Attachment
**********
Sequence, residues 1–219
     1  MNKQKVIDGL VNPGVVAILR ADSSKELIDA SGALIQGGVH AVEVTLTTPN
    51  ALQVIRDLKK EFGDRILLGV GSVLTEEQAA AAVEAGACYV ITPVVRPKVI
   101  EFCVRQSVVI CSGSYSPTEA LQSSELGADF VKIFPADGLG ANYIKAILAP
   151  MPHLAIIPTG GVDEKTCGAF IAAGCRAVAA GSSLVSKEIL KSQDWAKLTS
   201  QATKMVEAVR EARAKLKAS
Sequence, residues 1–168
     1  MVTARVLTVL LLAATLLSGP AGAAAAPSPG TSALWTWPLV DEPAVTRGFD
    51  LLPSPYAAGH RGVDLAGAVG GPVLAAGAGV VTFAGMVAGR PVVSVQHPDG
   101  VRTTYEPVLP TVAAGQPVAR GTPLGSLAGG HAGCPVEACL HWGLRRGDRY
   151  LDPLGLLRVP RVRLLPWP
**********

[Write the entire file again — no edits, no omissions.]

Sequence, residues 1–219
     1  MNKQKVIDGL VNPGVVAILR ADSSKELIDA SGALIQGGVH AVEVTLTTPN
    51  ALQVIRDLKK EFGDRILLGV GSVLTEEQAA AAVEAGACYV ITPVVRPKVI
   101  EFCVRQSVVI CSGSYSPTEA LQSSELGADF VKIFPADGLG ANYIKAILAP
   151  MPHLAIIPTG GVDEKTCGAF IAAGCRAVAA GSSLVSKEIL KSQDWAKLTS
   201  QATKMVEAVR EARAKLKAS
Sequence, residues 1–168
     1  MVTARVLTVL LLAATLLSGP AGAAAAPSPG TSALWTWPLV DEPAVTRGFD
    51  LLPSPYAAGH RGVDLAGAVG GPVLAAGAGV VTFAGMVAGR PVVSVQHPDG
   101  VRTTYEPVLP TVAAGQPVAR GTPLGSLAGG HAGCPVEACL HWGLRRGDRY
   151  LDPLGLLRVP RVRLLPWP